($($t:ty)*) => ($(
            #[stable(feature = "rust1", since = "1.0.0")]
            impl PartialEq for $t {
                #[inline]
                fn eq(&self, other: &$t) -> bool { (*self) == (*other) }
                #[inline]
                fn ne(&self, other: &$t) -> bool { (*self) != (*other) }
            }
        )*)
    }

    #[stable(feature = "rust1", since = "1.0.0")]
    impl PartialEq for () {
        #[inline]
        fn eq(&self, _other: &()) -> bool { true }
        #[inline]
        fn ne(&self, _other: &()) -> bool { false }
    }

    partial_eq_impl! {
        bool char usize u8 u16 u32 u64 u128 isize i8 i16 i32 i64 i128 f32 f64
    }

    macro_rules! eq_impl {
        ($($t:ty)*) => ($(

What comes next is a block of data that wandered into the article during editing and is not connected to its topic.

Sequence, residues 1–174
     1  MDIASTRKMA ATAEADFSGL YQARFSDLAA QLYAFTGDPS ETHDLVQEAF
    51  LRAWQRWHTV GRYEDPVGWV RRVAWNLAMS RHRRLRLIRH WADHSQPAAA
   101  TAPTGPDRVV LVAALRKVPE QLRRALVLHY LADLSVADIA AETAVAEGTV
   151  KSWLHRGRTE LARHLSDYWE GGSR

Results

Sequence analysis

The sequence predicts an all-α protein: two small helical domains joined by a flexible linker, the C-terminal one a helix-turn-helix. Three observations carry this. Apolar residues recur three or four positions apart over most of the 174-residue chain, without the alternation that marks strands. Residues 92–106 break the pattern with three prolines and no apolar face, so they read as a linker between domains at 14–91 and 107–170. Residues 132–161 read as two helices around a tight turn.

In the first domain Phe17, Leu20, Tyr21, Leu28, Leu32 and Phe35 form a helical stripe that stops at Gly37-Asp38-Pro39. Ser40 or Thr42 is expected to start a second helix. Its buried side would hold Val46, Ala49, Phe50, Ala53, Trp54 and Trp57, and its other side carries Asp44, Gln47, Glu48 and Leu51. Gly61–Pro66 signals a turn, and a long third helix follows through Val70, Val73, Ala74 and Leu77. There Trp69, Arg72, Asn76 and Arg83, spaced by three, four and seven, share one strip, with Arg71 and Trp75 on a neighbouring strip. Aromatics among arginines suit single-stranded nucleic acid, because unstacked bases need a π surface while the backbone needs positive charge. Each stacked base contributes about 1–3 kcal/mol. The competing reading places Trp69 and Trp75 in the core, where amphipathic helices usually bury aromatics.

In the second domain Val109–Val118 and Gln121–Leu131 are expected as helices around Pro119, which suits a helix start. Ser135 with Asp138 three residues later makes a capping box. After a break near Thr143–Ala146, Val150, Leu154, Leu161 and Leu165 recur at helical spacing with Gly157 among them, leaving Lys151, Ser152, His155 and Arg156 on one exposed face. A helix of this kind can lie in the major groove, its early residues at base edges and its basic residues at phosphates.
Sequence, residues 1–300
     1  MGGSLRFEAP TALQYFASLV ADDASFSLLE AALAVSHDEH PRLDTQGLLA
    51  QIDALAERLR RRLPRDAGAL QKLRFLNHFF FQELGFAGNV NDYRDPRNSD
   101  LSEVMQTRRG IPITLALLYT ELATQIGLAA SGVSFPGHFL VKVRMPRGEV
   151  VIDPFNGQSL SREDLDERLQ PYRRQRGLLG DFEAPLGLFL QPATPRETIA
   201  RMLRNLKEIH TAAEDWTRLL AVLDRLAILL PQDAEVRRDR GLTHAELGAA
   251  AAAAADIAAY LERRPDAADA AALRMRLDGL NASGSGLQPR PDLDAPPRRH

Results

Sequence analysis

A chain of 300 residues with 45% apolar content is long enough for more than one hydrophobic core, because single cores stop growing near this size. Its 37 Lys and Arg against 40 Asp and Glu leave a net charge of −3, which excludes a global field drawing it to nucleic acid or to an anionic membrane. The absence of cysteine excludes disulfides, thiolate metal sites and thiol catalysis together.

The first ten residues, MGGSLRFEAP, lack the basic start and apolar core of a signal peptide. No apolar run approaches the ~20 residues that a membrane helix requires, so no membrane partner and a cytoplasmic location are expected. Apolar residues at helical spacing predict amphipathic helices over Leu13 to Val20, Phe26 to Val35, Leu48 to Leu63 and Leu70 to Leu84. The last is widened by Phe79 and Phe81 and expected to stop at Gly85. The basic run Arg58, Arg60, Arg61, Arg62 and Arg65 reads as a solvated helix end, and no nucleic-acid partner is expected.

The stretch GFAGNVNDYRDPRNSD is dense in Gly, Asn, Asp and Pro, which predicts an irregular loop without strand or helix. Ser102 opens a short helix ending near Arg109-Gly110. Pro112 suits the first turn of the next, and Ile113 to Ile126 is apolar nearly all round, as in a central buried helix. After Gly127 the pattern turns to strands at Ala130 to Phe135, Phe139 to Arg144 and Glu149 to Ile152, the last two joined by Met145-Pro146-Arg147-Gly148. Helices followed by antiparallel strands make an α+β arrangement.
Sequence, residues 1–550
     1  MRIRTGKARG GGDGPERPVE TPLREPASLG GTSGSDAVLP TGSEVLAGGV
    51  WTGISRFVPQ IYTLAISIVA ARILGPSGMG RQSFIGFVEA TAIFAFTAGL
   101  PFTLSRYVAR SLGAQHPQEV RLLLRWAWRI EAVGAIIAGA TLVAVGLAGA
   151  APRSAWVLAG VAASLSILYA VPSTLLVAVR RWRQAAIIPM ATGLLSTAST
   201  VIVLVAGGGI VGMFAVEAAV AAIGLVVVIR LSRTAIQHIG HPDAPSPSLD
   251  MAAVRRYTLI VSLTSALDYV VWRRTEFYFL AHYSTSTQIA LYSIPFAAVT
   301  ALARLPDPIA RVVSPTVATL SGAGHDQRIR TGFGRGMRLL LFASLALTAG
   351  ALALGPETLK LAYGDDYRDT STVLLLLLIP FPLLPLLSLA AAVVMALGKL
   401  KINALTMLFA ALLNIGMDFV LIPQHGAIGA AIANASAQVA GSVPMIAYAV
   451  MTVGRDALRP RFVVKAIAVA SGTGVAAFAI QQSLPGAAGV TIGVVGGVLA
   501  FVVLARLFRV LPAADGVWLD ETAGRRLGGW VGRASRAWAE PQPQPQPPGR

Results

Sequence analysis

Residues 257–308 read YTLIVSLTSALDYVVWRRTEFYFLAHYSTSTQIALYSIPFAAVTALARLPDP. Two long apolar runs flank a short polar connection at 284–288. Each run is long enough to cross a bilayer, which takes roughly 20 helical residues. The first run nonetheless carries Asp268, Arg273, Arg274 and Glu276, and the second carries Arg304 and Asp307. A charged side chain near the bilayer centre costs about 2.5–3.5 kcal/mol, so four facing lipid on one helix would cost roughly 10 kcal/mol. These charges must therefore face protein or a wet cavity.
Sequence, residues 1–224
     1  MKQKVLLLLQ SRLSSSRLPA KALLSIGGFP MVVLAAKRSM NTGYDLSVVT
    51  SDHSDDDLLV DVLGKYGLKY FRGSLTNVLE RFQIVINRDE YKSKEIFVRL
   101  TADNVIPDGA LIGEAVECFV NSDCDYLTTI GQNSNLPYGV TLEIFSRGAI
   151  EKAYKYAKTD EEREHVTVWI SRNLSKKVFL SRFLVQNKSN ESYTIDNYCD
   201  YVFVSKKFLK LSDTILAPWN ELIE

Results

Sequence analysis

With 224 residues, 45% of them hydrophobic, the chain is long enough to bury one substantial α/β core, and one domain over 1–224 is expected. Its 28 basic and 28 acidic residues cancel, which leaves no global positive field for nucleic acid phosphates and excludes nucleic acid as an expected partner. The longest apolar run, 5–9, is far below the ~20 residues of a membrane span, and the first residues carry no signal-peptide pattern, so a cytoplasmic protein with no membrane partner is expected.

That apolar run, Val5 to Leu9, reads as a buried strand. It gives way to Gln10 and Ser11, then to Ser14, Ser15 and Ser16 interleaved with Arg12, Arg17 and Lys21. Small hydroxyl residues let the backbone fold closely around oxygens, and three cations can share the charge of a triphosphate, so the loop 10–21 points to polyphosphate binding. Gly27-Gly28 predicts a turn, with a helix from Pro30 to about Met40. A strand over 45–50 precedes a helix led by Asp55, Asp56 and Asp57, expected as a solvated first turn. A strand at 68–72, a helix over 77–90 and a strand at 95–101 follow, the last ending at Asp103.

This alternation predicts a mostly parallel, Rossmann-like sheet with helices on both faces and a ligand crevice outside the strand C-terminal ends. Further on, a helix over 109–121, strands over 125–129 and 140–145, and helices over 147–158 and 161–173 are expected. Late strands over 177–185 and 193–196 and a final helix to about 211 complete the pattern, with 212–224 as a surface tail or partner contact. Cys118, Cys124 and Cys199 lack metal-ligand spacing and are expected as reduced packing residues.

#[stable(feature = "rust1", since = "1.0.0")]
            impl Eq for $t {}
        )*)
    }

    eq_impl! { () bool char usize u8 u16 u32 u64 u128 isize i8 i16 i32 i64 i128 }

    macro_rules! partial_ord_impl {
        ($($t:ty)*) => ($(
            #[stable(feature = "rust1", since = "1.0.0")]
            impl PartialOrd for $t {
                #[inline]
                fn partial_cmp(&self, other: &$t) -> Option<Ordering> {
                    match (self <= other, self >= other) {
                        (false, false) => None,
                        (false, true) => Some(Greater),
                        (true, false) => Some(Less),
                        (true, true) => Some(Equal),
                    }
                }
                #[inline]
                fn lt(&self, other: &$t) -> bool { (*self) < (*other) }
                #[inline]
                fn le(&self, other: &$t) -> bool { (*self) <= (*other) }